The basic tenet of anarchism is that hierarchical authority -- be it state, church, patriarchy or economic elite -- is not only unnecessary, but is inherently detrimental to the maximization of human potential. Anarchists generally believe that human beings are capable of managing their own affairs on the basis of creativity, cooperation, and mutual respect. It is believed that power is inherently corrupting, and that authorities are inevitably more concerned with self-perpetuation and increasing their own power than they are with doing what is best for their constituents.
Liz A. Highleyman, "An Introduction to Anarchism"
I am an Anarchist! Wherefore I will
Not rule, and also ruled I will not be!
John Henry Mackay, "Anarchy"
A common description of anarchism is that it has as its aim the abolition of the state. Now, while this is certainly correct -- it would indeed be hard to find an anarchist who is positively enamored of any government apparatus, be it located in Chicago, Washington, Moscow, or Baghdad -- it is not (to my mind) the best way of describing the anarchist goal.
Rather, anarchism should be understood as aiming at the abolition of all forms of domination. That is, anarchism is resolutely opposed to any relations between humans in which one decides for another, without the other's consent, how that other is to live and coerces that other into living that way. So anarchism is opposed not only to government, to the police and military and legislature and judiciary. It is also opposed to capitalism, in which a few possessing the means of production compel the rest, on pain of starvation, to produce for the profit of those few in return for a wage; and to racism of any form; and to any sort of oppression on the basis of one's sexuality. In place of all this, which is inherently reprehensible (and if you want a justification of this claim, try living in an explicit state of being dominated and see what you think of it!), anarchists seek to bring about a situation in which everybody determines for oneself as much as possible, as free and cooperative as can be devised, how one is to live one's life.
Ron Carrier, "Anarchism and Power"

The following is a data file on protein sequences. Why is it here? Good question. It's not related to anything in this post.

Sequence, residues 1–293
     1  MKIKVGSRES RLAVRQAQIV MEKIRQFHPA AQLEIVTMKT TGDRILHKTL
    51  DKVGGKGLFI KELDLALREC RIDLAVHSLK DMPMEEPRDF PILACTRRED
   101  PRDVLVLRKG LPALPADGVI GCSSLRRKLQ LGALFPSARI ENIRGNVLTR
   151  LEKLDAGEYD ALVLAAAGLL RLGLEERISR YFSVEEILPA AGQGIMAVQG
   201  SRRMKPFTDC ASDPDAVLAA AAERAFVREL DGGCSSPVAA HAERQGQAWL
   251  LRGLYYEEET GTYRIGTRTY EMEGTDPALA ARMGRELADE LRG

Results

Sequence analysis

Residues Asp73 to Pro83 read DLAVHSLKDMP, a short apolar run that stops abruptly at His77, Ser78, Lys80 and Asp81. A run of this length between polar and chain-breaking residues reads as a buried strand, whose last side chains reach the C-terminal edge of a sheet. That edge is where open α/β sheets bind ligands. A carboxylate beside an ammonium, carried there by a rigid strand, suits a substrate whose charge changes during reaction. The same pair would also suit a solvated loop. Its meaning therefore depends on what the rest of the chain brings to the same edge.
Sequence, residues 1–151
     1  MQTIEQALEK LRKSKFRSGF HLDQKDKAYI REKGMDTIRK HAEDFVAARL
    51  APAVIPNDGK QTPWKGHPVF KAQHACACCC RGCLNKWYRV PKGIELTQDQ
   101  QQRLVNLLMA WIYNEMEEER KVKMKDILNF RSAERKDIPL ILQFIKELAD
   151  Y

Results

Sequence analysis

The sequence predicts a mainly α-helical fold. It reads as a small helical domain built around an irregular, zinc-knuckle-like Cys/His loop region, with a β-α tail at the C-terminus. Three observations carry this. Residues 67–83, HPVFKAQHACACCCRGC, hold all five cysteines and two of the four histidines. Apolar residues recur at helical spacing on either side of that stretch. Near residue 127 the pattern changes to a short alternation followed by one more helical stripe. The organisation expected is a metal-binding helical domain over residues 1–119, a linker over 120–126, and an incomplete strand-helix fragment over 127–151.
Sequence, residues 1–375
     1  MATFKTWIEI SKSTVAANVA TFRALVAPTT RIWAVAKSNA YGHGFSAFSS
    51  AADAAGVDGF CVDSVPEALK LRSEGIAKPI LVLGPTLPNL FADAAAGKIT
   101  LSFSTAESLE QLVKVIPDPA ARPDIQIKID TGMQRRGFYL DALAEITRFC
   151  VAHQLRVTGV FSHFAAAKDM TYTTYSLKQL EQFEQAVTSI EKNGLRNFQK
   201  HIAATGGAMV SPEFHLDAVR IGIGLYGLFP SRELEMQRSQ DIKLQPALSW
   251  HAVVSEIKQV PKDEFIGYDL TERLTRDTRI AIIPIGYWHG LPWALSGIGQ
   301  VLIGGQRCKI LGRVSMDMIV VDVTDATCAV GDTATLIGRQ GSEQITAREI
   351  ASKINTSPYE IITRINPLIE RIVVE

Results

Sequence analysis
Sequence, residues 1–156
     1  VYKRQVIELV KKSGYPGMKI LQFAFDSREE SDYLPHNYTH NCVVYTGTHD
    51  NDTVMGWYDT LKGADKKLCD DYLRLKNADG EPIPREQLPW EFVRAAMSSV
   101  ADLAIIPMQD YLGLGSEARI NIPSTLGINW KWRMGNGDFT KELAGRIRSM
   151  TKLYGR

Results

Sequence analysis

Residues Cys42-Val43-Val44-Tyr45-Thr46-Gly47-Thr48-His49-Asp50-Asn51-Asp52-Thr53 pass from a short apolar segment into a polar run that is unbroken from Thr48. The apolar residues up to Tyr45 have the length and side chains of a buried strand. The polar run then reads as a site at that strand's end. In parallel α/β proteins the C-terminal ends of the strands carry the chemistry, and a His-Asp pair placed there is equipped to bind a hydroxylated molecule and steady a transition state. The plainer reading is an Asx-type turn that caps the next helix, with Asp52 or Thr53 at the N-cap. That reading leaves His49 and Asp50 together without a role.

[To illustrate anarchy] J. A. Andrews used the example of a group of friends going on a camping trip. They plan their trip, and each person brings useful skills and tools to share. They work together to set up tents, fish, cook, clean up, with no one in a position of authority over anyone else. The group organizes itself, chores are done, and everyone passes the time as they please, alone or in groups with others. People discuss their concerns and possible solutions are proposed. No one is bound to go along with the group, but choosing to spend time together implies a willingness to at least try to work out constructive solutions to the problems and frictions that will inevitably arise. If no resolution is possible, the dissenting individuals can form another grouping or leave without fear of persecution by the rest of the group.
Affinity Group of Evolutionary Anarchists, "Consent or Coercion"
Anarchism (from the Greek, contrary to authority), the name given to a principle or theory of life and conduct under which society is conceived without government -- harmony in such a society being obtained, not by submission to law, or by obedience to any authority, but by free agreements concluded between the various groups, territorial and professional, freely constituted for the sake of production and consumption, as also for the satisfaction of the infinite variety of needs and aspirations of a civilized being.